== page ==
# Landau Theory of Nematic to Smectic-A Phase Transition

20 Jan 1998-International Journal of Modern Physics B (World Scientific Publishing Company)-Vol. 12, Iss: 2, pp 207-212

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Bell Labs

^{1}TL;DR: In this article, the Maier-Saupe model with an orientational order parameter is extended to the smectic $A$ phase by introducing a new order parameter, the amplitude of a density wave in the direction of the nematic preferred axis.

Abstract: The Maier-Saupe model of the nematic phase with an orientational order parameter is extended to the smectic $A$ phase by introducing a new order parameter, the amplitude of a density wave in the direction of the nematic preferred axis. Self-consistent equations for the two order parameters are derived from an anisotropic model interaction and are solved numerically. We calculate the order parameters, the entropy, and the specific heat as a function of temperature for several values of dimensionless interaction strength $\ensuremath{\alpha}$ for the smectic $A$ phase. The transition temperatures plotted versus $\ensuremath{\alpha}$ provide a theoretical phase diagram which resembles experimental plots of transition temperature versus alkyl chain length for homologous series of compounds. The model qualitatively reproduces chemical trends in transition entropies. Experiments are suggested to measure the order parameters in the smectic $A$ phase.

854 citations

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TL;DR: The role of the phase in the second order smectic A↔ nematic transition is similar to the role of phase functions in superconductors as mentioned in this paper, where twist and bend distortions correspond to magnetic fields.

Abstract: The conformation of a smectic A can be described by a phase function φ( R ), the n -th layer corresponding to φ ( R ) = 2 πn . The role of the phase in smectics A and in superfluids is similar. This analogy leads to the following predictions for a second order smectic A↔ nematic transition: (1) the transition temperature is lowered if twist, or bend distortions are imposed: these distortions correspond to a magnetic field in superconductors. (2) the Frank coefficients K 2 and K 3 of the nematic phase must show pretransitional anomalies.

681 citations

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TL;DR: The superconducting phase transition is predicted to be weakly first order, because of effects of the intrinsic fluctuating magnetic field, according to a Wilson-Fisher $\ensuremath{\epsilon}$expansion analysis, as well as a generalized mean-field calculation appropriate to a type-I superconductor.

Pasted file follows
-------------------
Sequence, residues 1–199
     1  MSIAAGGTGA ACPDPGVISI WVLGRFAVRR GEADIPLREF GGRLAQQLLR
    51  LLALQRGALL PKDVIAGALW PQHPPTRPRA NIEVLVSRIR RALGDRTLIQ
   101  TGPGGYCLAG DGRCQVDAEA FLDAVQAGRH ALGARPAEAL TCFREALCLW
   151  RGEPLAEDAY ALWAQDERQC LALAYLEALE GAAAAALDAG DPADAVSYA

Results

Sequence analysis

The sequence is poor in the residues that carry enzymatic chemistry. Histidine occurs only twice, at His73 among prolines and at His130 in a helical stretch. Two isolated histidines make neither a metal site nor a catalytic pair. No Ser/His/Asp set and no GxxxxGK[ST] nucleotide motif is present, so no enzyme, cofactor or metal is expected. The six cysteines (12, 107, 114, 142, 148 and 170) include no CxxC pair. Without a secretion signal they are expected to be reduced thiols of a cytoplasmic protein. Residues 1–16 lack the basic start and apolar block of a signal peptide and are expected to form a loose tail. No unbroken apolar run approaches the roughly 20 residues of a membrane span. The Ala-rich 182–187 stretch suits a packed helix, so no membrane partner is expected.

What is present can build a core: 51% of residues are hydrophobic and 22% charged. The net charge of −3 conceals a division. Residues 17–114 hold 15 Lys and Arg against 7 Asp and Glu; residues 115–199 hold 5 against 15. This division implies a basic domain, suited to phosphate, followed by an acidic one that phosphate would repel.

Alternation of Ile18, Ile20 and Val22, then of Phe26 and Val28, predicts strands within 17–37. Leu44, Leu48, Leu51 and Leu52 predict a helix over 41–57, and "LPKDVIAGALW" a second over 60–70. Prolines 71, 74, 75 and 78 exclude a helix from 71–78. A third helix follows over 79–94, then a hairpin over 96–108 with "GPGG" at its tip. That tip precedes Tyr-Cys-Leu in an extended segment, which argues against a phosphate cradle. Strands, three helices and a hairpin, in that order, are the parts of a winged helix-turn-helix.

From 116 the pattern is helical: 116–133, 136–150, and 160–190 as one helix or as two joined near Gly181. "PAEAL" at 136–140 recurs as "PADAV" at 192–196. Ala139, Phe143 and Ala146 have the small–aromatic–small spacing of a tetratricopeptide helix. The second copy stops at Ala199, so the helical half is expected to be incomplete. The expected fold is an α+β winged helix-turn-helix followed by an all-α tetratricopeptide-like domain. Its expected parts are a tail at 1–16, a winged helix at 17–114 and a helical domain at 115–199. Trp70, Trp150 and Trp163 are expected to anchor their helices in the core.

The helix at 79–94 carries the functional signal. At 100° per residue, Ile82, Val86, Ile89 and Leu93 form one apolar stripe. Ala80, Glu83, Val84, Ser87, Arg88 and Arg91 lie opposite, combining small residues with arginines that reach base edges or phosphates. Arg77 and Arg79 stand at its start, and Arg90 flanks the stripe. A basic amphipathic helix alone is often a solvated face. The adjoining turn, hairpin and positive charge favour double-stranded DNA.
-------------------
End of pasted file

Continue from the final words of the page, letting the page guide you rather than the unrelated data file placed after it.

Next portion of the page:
Abstract: The superconducting phase transition is predicted to be weakly first order, because of effects of the intrinsic fluctuating magnetic field, according to a Wilson-Fisher $\ensuremath{\epsilon}$-expansion analysis, as well as a generalized mean-field calculation appropriate to a type-I superconductor. Similar results hold for the phase transition from a smectic-$A$ to a nematic liquid crystal.

598 citations

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TL;DR: In this paper, it was shown that the specific heat exponent depends on the width of the $N$ range for continuous $\mathrm{AN}$ transitions, where AN is a tricritical point in the phase diagram.

Abstract: From adiabatic-scanning calorimetric results it is demonstrated that in mixtures of 9CB and 10CB, two compounds of the alkylcyanobiphenyl ($n\mathrm{CB}$) series, the nematic ($N$) to smectic-$A$ ($A$) transition becomes first order for narrow $N$ ranges. From the latent heats a tricritical point is located in the phase diagram. Measurements for 7CB+ 8CB mixtures show that the specific-heat exponent $\ensuremath{\alpha}$ depends on the width of the $N$ range for continuous $\mathrm{AN}$ transitions.

143 citations

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TL;DR: The theory of translational and orientational melting with application to liquid crystals is presented in this article in a manner analogous to that of Kirkwood and Monroe, and the theory is applied to liquid crystal crystallography.

Abstract: The theory of translational and orientational melting with application to liquid crystals is presented in a manner analogous to that of Kirkwood and Monroe.

106 citations